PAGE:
Wine and Cheese Reception
Participants (In order of appearance):
Anka Muhlstein was born in Paris in 1935. She spent the war years in New York City and returned to France in 1945. She moved back to New York with her two sons from a previous marriage, Robert and Stéphane Dujarric, when she married Louis Begley in 1974. She has published ten books of biographies and essays. She has been awarded the Goncourt prize of Biography and has twice received the History Prize of the French Academy. Her work has been translated into German, Italian, Spanish, Portuguese, Danish, Polish, Chinese and Japanese. Her published works include La Femme Soleil, Victoria, James de Rothschild, Manhattan, Cavelier de La Salle, Napoléon á Moscou, Garçon, un cent d’huîtres, Balzac et la Table, Venedig Unter Vier Augen and most recently Monsieur Proust's Library (Other Press, 2012).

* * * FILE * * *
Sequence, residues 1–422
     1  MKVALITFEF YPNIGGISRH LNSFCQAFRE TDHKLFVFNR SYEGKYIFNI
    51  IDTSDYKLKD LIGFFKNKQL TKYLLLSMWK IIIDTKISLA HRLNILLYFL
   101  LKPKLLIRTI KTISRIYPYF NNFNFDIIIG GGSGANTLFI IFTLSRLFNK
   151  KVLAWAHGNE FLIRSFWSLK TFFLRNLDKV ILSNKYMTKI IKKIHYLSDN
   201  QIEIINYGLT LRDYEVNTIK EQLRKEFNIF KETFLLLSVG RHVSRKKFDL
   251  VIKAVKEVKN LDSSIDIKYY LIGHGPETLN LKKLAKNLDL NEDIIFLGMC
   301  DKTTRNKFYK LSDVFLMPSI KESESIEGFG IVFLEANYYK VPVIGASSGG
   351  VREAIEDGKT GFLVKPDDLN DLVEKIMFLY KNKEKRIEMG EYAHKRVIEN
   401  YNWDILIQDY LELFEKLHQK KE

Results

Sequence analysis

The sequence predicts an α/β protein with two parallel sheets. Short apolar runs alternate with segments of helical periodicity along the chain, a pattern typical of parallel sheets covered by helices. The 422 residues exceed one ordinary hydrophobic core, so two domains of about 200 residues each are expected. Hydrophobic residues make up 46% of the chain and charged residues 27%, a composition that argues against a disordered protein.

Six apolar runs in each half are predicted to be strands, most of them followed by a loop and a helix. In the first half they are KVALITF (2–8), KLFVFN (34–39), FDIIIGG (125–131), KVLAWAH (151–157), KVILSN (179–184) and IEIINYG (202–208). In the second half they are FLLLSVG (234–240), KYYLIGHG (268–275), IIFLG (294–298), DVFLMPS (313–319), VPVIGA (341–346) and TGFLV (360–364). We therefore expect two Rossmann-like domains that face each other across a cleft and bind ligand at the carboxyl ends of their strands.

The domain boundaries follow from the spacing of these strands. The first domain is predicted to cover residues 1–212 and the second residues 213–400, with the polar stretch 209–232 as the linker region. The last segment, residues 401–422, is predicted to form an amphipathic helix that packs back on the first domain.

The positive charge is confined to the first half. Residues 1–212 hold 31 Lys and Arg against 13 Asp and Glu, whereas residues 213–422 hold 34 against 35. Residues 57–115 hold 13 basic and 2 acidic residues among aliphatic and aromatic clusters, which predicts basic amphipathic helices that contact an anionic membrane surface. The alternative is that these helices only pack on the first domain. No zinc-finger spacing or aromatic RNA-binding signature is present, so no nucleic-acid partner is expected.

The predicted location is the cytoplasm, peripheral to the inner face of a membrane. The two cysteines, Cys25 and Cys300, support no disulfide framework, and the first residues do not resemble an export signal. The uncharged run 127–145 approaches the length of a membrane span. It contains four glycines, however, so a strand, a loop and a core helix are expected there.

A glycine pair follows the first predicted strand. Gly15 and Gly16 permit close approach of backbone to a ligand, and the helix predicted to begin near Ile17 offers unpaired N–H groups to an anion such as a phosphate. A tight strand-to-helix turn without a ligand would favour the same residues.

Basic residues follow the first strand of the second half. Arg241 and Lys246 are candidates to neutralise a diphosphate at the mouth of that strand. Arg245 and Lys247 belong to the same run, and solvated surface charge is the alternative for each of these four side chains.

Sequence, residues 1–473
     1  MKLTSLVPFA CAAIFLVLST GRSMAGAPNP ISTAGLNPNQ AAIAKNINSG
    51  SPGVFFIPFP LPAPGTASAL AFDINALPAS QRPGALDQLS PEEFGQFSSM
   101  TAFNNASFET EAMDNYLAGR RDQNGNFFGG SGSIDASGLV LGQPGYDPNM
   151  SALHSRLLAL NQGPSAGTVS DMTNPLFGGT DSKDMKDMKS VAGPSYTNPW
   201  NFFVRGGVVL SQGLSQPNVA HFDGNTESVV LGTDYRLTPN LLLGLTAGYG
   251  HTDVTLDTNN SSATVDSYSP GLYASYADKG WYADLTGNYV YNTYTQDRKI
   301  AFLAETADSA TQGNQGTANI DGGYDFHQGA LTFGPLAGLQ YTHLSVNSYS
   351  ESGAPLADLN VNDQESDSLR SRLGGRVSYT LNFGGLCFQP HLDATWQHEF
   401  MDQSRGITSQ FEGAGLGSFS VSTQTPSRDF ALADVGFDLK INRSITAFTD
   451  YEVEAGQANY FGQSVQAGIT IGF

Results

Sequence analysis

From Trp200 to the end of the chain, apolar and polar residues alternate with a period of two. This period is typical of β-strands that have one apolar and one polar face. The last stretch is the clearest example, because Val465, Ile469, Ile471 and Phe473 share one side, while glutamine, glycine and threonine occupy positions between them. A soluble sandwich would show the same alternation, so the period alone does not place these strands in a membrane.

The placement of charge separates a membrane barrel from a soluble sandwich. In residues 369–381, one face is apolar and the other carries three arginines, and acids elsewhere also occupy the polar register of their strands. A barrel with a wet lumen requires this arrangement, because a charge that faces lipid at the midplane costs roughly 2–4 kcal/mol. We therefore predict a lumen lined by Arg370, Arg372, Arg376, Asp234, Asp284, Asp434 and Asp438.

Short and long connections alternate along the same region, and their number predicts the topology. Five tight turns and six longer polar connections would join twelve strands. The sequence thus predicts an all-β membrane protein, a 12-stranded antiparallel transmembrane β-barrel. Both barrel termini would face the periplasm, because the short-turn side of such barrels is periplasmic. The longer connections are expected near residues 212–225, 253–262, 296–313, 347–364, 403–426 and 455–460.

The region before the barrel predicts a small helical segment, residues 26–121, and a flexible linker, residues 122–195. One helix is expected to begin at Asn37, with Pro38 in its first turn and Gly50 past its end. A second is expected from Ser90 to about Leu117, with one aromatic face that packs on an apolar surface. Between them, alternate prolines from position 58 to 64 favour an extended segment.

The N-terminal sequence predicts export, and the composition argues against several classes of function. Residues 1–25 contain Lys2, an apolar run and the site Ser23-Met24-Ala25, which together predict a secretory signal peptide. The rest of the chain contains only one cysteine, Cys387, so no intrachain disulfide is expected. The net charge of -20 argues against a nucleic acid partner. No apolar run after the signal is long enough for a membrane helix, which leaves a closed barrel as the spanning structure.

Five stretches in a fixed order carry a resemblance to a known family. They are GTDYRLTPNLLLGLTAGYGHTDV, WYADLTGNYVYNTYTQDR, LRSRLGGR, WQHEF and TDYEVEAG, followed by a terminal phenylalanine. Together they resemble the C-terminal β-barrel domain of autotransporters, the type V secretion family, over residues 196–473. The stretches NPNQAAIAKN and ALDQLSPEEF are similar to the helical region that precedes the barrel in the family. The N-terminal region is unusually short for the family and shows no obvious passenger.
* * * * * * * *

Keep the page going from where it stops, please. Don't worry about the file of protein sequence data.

Robyn Creswell teaches comparative literature at Brown University and is poetry editor of The Paris Review. His writings on Arabic literature and contemporary poetry have appeared in Harper’s Magazine, The New York Times Book Review, n+1, The Nation, Raritan, and Bidoun, among other publications. He is the translator of Abdelfattah Kilito’s The Clash of Images (New Directions, 2009), from the French, and Sonallah Ibrahim’s That Smell and Notes from Prison (New Directions, 2013), from the Arabic. Robyn’s academic work focuses on modernism and modernity in Arabic poetry. He was a fellow at the Cullman Center for Scholars and Writers in 2011-2012.